Most people, if they thought about it, would prefer to exchange the time spent figuring out who was to blame in some conflict for the same amount of time spent more constructively. At times neither party is clearly at fault. Sometimes, thinking about it from all sides, trying to be objective, we think the fault has to lie with the other person. Mental wrestlings, ruminations, go on and on, and in the process a friendship may be lost or an acquaintance may become someone we'd prefer to avoid. Accusations rarely help. Silent evasions can be even worse. Brushing the problem aside and forgetting about it isn't healthy.
I often think of a little boy in one of my Sunday School classes. When we were all reciting the Ten Commandments and got to the ninth one, I heard him saying, "Thou shalt not bear fault witness against thy neighbour" (see Exodus 20:16). Of course, the correct word is false, not fault. And yet, how appropriate the substitution of that word fault can be here, when we find our own selves finding fault with our neighbor.
Recently, through a misunderstanding I had with a friend, I blamed her and she blamed me for bungling a lunch date. Rumination over its being "her fault" had made me feel angry and disappointed. But I shouted an order to myself: "Stop it!" And I began to pray. My prayer was that I not break that Ninth Commandment; I must not bear false-or fault-witness against my friend. Neither should I blame myself.
What had happened did not need to be analyzed. It needed to be seen as an opportunity to overcome anything that might disturb the good relations God ordains between us, His children. I knew I must see my friend as God's child, innocent and loving, as I perceived myself to be. I grew to feel completely at peace, and when we got together we were two friends, laughing at a silly mix-up. We have maintained a very happy friendship ever since.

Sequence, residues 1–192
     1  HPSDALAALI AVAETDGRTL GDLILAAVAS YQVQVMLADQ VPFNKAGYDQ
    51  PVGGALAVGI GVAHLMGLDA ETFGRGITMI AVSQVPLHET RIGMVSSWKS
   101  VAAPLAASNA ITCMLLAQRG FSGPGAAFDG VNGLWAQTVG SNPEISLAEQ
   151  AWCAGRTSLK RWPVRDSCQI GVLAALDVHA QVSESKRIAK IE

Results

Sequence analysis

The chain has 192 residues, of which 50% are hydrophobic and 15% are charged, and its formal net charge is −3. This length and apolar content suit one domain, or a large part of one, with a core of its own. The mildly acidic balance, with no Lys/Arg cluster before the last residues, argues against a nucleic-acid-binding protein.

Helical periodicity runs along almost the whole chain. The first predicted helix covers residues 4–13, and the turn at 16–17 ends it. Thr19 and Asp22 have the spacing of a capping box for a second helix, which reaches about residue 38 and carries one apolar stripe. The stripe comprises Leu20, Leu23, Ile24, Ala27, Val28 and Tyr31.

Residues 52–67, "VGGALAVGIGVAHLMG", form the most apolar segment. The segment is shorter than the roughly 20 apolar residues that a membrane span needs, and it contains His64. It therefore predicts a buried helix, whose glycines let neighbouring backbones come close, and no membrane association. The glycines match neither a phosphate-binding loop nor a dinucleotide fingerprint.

A simple illustration perhaps, but to me it serves as an example of how we can be either captives or captains of the way we see others. We can know that faulting our neighbor does not measure up to recognizing the way God expresses perfection in each of us.
While it is right that human justice prevail, we only burden ourselves when we feel hatred or revenge. These feelings help no one. Recently I read of a woman whose son had been brutally murdered. She said she held no hatred for the murderer-only sympathy and forgiveness. It was as if she had an inner conviction that innocence can never be victimized; as if she knew her child was safe in God, despite the crime. I don't believe this was a form of denial; and I do believe it was an affirmation that God, who is completely good, can never allow evil to triumph over His power.
This follows the example of Christ Jesus, who prayed while he was being crucified that God would forgive those responsible, because of their ignorance (see Luke 23:33, 34). Every case of crime, large or small, has its basis in ignorance. That is not to say that the criminal should go unpunished or be set free before he or she has been reformed and paid for the crime. The third tenet of Christian Science states, "We acknowledge God's forgiveness of sin in the destruction of sin and the spiritual understanding that casts out evil as unreal. But the belief in sin is punished so long as the belief lasts." This was written by Mary Baker Eddy, who discovered Christian Science, the divine Science that enabled Jesus to heal the sick, to forgive his assailants, and to defeat death. This tenet is found in her book Science and Health with Key to the Scriptures (p. 497).
Society may attempt to uncover fault by tracing someone's upbringing. We may attribute bad behavior to any number of people and conditions. But the bottom line is that, because we are all God's sons and daughters, no one is at fault in His eyes. We are all innocent, made in God's image. And we can each learn of this and bring our behavior into accord with it. The real challenge is not to determine fault, but to understand our inherent innocence clearly enough that we stop pinning fault on person and get on with helping one another bring behavior into line with God's law of love. God is not a faultfinder. Neither can we be, as we are truly the reflection of God.